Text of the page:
3. Sydney says:

    Hey Brian!
    I am encouraged by your idea of shifting away from what we all know as “church”. Your idea is not that crazy or unique though. Perhaps to our generation but if we go back to the first church meetings they were small groups scattered in homes. It’s brilliant, really.

    I co-pastor a church in Nashville (Cedar Ridge) and I hear ya when you say we can’t be everything to everyone. We recently have reorganized our Sunday services in order to broaden our reach. The first Sunday is traditional with communion, the second sunday is cell groups with meetings in homes, the third is contemporary/casual worship and the forth is Service Sunday where we go into the community and help other outreach programs in Nashville. It’s exhausting but it has given us more focused and intentional ministry. But, I noticed a group left out. Those that you call “unchurched”. So, on Wednesdays my husband and I open our home to those who have had it with church. We have a gathering of people who used to be active members but are no longer, we have active members and we also have atheists. Our intent is not to convert them though or get them to accept Christ because we found that all of them had too many bad memories of Christian groups and churches spiritually abusing them. So instead, we just talk about our experiences our takes and views about faith (not just Christianity) we ask questions and talk about things that are difficult and wouldn’t be accepted to be talked about in Church. We call this group UNchurch and it has been a great, healing, engaging experience for all involved. I usually feel more alive after an UNchurch gathering than I do from our Sunday services. I don’t think we have it all figured out and it’s a learning process but I think we are onto something and it’s exciting.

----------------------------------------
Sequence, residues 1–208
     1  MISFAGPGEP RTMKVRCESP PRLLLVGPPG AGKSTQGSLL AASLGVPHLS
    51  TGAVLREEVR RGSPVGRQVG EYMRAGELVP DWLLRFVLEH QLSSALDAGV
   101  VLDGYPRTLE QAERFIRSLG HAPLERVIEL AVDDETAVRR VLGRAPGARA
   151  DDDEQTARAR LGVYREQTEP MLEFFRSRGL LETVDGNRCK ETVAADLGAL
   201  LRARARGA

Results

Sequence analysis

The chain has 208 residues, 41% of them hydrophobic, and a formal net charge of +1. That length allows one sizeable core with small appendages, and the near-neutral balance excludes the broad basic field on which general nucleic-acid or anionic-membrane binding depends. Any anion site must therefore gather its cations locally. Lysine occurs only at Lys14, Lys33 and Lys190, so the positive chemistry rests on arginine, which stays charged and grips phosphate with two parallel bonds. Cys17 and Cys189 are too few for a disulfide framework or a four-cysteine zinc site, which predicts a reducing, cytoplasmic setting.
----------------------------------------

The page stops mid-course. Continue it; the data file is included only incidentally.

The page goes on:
So, I relate to your idea and am excited to hear more because it is encouraging to hear from someone who isn’t afraid to move away from tradition. Thanks for sharing!